Every time I’m in Seattle, it’s usually for a drift event. While traveling around the country/world may seem glamourous to some, to be completely truthful, it isn’t really what most people imagine it to be. Don’t get me wrong – I absolutely love traveling with friends; and when you’re traveling to all the different nationwide stops of a big drifting series, it really is fun. Especially because if you have many friends in the drifting community, it’s like every single city becomes a party destination. One thing that I hear pretty commonly though, is that many times people who travel for work don’t get to spend much time enjoying the cities they go to. All too often, city visits consist of airport-to-hotel, then hotel-to-racetrack, then racetrack-to-hotel for a few days, then back to the airport. I didn’t want my Seattle trip to be like that this time. Last year, I visited so many amazing places, but I felt like I was rushed through them by people I was traveling with, so I didn’t really get to enjoy my stay like I would have if my coworkers hadn’t been there.
So when all the drifting had ended at Evergreen Speedway, I linked up with my friends Raymond and Melanie and headed to Seattle for a day of relaxation and chillin in the city. One of the places we stopped was at Goods, a rather well known streetwear/sneaker shop in Seattle’s Capitol Hill area. The funny thing though, is even when I’m not purposefully hunting for cars, sometimes the cars find their way to me anyway. Such is the case with AE86s and vintage Toyotas! No matter where I am in the world, usually if there’s an AE86 or old school Toyota around, I’ll accidentally find it.
So here I was; standing inside Goods; checking out some sneakers, when low and behold, a bright red AE86 hatchback pulls up and parks right in front of the store. I couldn’t have even timed it more perfectly, it was funny. I obviously stepped outside the store for a closer look at this red kouki hatchback, and immediately two 86ers got out of the car with strange looks on their faces (you know, one of those “why the hell is this weirdo staring at the car” faces).
However, as soon as I introduced myself as a fellow AE86 owner from Los Angeles, it was all good. No problems. The owner of the car was a Hachiroku.Net forum member named Sherman, and his friend sitting shotgun ______ (sorry I forgot your name!) said he was an AE86 owner as well. For some reason, no matter where you are in the world… when a hachiroku guy meets another hachiroku guy visiting from out of town, they seem to form some sort of instant connection. (Not in a gay way)
Of course I should be drawn to Sherman’s AE86. Hell, it looks very similar to my own car. We both have red 1986 kouki hatchbacks with black Japanese kouki bumpers. Except Sherman’s car has a zenki front lip spoiler attached, and the bumper tops are painted red, to match the Japanese GT-Apex factory specs. Both of our cars also have factory sideskirts – except mine are OEM black, and Sherman decided to paint his red to match the body of the car. This is a trip… we both have the three piece Japanese “redline” taillights, and we both have the same wheels – SSR Mark III. You can imagine how hard I was trippin out, right? The only difference is, Sherman had 15 inch Mark IIIs and my car has wide 14s.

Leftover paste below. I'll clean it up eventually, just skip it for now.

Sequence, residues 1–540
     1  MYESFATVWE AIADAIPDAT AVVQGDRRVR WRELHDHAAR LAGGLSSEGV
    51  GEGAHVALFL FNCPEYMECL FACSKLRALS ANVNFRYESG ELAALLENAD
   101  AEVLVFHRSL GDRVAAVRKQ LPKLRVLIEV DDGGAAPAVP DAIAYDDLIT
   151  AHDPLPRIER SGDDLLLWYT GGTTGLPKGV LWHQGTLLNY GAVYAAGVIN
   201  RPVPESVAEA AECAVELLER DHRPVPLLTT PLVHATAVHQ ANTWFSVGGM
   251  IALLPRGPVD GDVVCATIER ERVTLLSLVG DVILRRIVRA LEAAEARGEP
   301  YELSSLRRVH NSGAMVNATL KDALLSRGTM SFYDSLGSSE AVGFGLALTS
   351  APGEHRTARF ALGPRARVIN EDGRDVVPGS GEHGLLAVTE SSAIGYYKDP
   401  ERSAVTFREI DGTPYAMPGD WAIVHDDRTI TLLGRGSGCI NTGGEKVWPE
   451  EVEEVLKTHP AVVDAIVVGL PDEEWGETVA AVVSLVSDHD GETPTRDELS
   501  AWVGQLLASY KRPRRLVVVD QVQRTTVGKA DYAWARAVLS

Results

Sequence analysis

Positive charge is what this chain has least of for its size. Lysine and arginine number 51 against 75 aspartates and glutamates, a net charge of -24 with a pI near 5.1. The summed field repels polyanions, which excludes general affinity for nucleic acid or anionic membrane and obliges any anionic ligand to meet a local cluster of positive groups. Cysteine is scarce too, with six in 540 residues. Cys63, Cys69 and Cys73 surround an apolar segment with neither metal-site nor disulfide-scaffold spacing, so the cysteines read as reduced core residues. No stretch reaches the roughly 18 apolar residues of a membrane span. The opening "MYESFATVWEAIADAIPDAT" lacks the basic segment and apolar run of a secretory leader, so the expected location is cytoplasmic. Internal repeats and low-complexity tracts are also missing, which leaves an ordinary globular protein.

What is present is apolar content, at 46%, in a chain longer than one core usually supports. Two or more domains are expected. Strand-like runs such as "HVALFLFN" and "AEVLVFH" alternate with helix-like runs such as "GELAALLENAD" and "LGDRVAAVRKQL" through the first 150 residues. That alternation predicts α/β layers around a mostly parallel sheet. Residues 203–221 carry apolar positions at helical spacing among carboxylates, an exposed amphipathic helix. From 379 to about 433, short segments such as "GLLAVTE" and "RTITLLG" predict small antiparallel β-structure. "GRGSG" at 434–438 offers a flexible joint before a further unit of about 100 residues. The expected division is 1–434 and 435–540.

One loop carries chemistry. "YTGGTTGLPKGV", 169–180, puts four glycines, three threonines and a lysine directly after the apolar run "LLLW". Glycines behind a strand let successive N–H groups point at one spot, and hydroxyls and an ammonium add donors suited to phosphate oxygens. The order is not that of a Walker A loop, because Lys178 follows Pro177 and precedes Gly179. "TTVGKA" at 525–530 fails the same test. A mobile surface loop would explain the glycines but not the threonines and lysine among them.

Another interesting thing I noticed… the doorlocks. In the East Coast, most Puerto Ricans don’t call AE86s “AE86s” or “hachirokus,” they call them “Twincams.” Presumably it’s because of the huge “GT-S Twin Cam 16” sticker that comes on the 1985 Corolla GT-S. Well, check out Sherman’s Solex locks… it’s the Twin Cam Series.
Now, I’m not normally a fan of Solex locks. I used to have them on an AE86 I owned in the past, but they were the older round type; the ones that look like Kryptonite locks for a bicycle. I kind of likc these new Solex Twincam locks since they look closer to factory style lock assemblies, and they make it just a little bit harder for people to steal the AE86, which already sits atop the list of “easy to steal” 1980s Toyotas.
Here’s a close-up of the newer TwinCam style Solex key. It even looks more normal now. Not bad.
Here’s the front shot of Sherman’s kouki AE86 as it sat parked on Pike St (albeit 30 feet away from the curb! LOL), which reveals a little more detail on the car. From the front, it sort of looks like a red version of Keiichi Tsuchiya’s famous “Dori Dori” AE86 Trueno as seen on the legendary Best Motoring Vol. 41 and 42. A zenki front lip spoiler has been bracketed on to the OEM Japanese kouki front bumper, giving it a more aggressive look. The normally amber bumper lights have been replaced with clear lenses, and the steel hood has been replaced with a well-fitting carbon fiber one. Dig the Washington plate too!
When Sherman popped the hood, however, I stopped thinking his car looked like my car. Why? Because my kouki AE86 currently has an OEM motor pushing a measly 112hp to the crank, and Sherman’s car has a TURBO 4AGE setup! Bad ass!
Just by glancing into the engine bay, it looks as if the car sits on T3 coilovers, with a customized AE92 FF smallport intake manifold flipped around and rewelded to match FR engine configuration.
Here’s the rear of the car. Crisp and clean, with no messy stickers adorning the rear window. Super clean windows, paint, and taillights.
Seeing this car on the road makes me pretty sad… I need to do less blogging and more wrenching! Time for me to finally swap that motor and get my red AE86 back on the road so I can get back to Living The 86 Life!
:: Antonio Alvendia